“Bite-Size Bits of Local, National, and Global History”
“Bite-Size Bits of Local, National, and Global History”
Kit Carson in Amador County, California — The American West (Pacific Coastal)

Mormon-Carson Pass Emigrant Trail

Mormon-Carson Pass Emigrant Trail Marker image. Click for full size.
Photographed By Andrew Ruppenstein, August 22, 2008
1. Mormon-Carson Pass Emigrant Trail Marker
Inscription.  Mormon-Carson Pass Emigrant Trail, the heavily-travelled gateway to California gold fields, was blazed in 1848 by discharged members of the Mormon battalion traveling east to join their families.

Five hundred Mormon volunteers, recruited in Iowa, served one year in the Army of the West under command of Col. P. St. George Cooke during the war with Mexico. After their discharge in Los Angeles in July 1847, about 100 men worked in the Sacramento area for John Sutter over the winter to obtain needed supplies. When work was completed, 45 men and one woman (wife of Sgt. William Coray) turned their backs on newly-discovered gold fields and headed east for Great Salt Lake Valley. With 17 wagons, 2 cannons, 150 horses and mules, and 150 cattle, this organized party left Pleasant Valley July 3, 1848, following the drainage divide between the American River and streams to the south.

On July 19 they found the common grave of three murdered comrades at a place they named Tragedy Spring (half-mile west of here). Following the ridge south of Silver Lake (viewed on your right) and obscured Squaw Ridge to the east, they crossed lofty West
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Pass at the foot of Melissa Coray Peak (9763 feet) on July 24. This pass and peak are seen ahead on the distant skyline. From West Pass (9550 feet), the 1848 route drops abruptly northward to Caples Lake, then eastward to Carson Pass (8550 feet).

In 40 days, this party blazed 170 miles of wagon road across trackless terrain, before joining the established California emigrant trail and heading east along the Humboldt River. Beginning in August of 1848, thousands of west-bound followed these Battalion track on their westward crossing of the Sierra Nevada. The location of today’s Hwy. 88 north of Silver Lake and north of Carson Spur was opened with explosives.

Melissa Coray, then a bride of 18, walked beside her husband to California. The naming of Melissa Coray Peak honors not only the heroic pioneering efforts of Melissa and her party, but thousands of emigrant women who endured similar hardships in settling the West.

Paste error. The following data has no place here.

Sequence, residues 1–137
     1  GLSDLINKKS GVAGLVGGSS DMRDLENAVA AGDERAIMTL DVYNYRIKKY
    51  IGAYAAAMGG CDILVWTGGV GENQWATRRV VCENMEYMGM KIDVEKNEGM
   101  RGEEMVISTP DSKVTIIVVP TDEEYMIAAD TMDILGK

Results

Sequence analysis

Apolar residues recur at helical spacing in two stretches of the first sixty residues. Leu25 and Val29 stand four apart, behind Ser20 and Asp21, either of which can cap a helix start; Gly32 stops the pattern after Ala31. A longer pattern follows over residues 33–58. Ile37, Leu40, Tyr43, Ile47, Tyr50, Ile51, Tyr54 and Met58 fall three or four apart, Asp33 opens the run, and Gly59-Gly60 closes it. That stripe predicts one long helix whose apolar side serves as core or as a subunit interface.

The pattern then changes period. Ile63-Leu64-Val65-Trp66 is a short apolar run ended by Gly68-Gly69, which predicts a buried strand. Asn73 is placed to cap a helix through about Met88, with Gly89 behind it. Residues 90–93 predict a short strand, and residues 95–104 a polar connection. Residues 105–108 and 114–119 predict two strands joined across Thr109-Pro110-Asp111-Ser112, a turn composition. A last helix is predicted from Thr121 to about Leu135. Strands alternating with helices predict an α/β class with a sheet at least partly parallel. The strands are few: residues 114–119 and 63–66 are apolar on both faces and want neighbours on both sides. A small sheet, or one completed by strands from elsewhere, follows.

Site No. 52 Oregon-California Trail Association Dedicated July 30, 1994
Erected 1994 by Oregon-California Trail Association.
Topics and series. This historical marker is listed in this topic list: Roads & Vehicles. In addition, it is included in the California Trail series list. A significant historical month for this entry is July 1847.
Location. 38° 38.5′ N, 120° 
Mormon-Carson Pass Emigrant Trail Marker - Wide Shot image. Click for full size.
Photographed By Andrew Ruppenstein, August 22, 2008
2. Mormon-Carson Pass Emigrant Trail Marker - Wide Shot
View of Marker, looking northeast, with Silver Lake in the background, and Martin Point and Thunder Mountain behind the lake.
8.179′ W. Marker is in Kit Carson, California, in Amador County. Marker is on Carson Pass Highway (State Highway 88), on the right when traveling east. Marker is on the right side of the road when driving east, just as Silver Lake comes into view. Touch for map. Marker is in this post office area: Kit Carson CA 95644, United States of America. Touch for directions.
Other nearby markers. At least 8 other markers are within 7 miles of this marker, measured as the crow flies. Old Emigrant Road (approx. half a mile away); Tragedy Spring (approx. 0.6 miles away); Plasse Resort (approx. 0.6 miles away); Plasse’s Trading Post (approx. 0.6 miles away); Maiden's Grave (approx. 2 miles away); Kirkwood's (approx. 5˝ miles away); Carson Trail - Leek Springs (approx. 5.6 miles away); Caples Lake (approx. 6.1 miles away). Touch for a list and map of all markers in Kit Carson.
Also see . . .  The Oregon-California Trail Association Home Page. This is the home page of the association that put up the marker. They have a history section on the pioneer trails in the western part of the US. (Submitted on August 29, 2008.) 
Tragedy Spring Marker image. Click for more information.
Photographed By Syd Whittle
3. Tragedy Spring Marker
Mentioned in Marker Text

Click for more information.
Credits. This page was last revised on July 26, 2018. It was originally submitted on August 29, 2008, by Andrew Ruppenstein of Lamorinda, California. This page has been viewed 8,691 times since then and 35 times this year. Photos:   1, 2. submitted on August 29, 2008, by Andrew Ruppenstein of Lamorinda, California.   3. submitted on July 31, 2009, by Syd Whittle of Mesa, Arizona. • Kevin W. was the editor who published this page.

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Feb. 23, 2024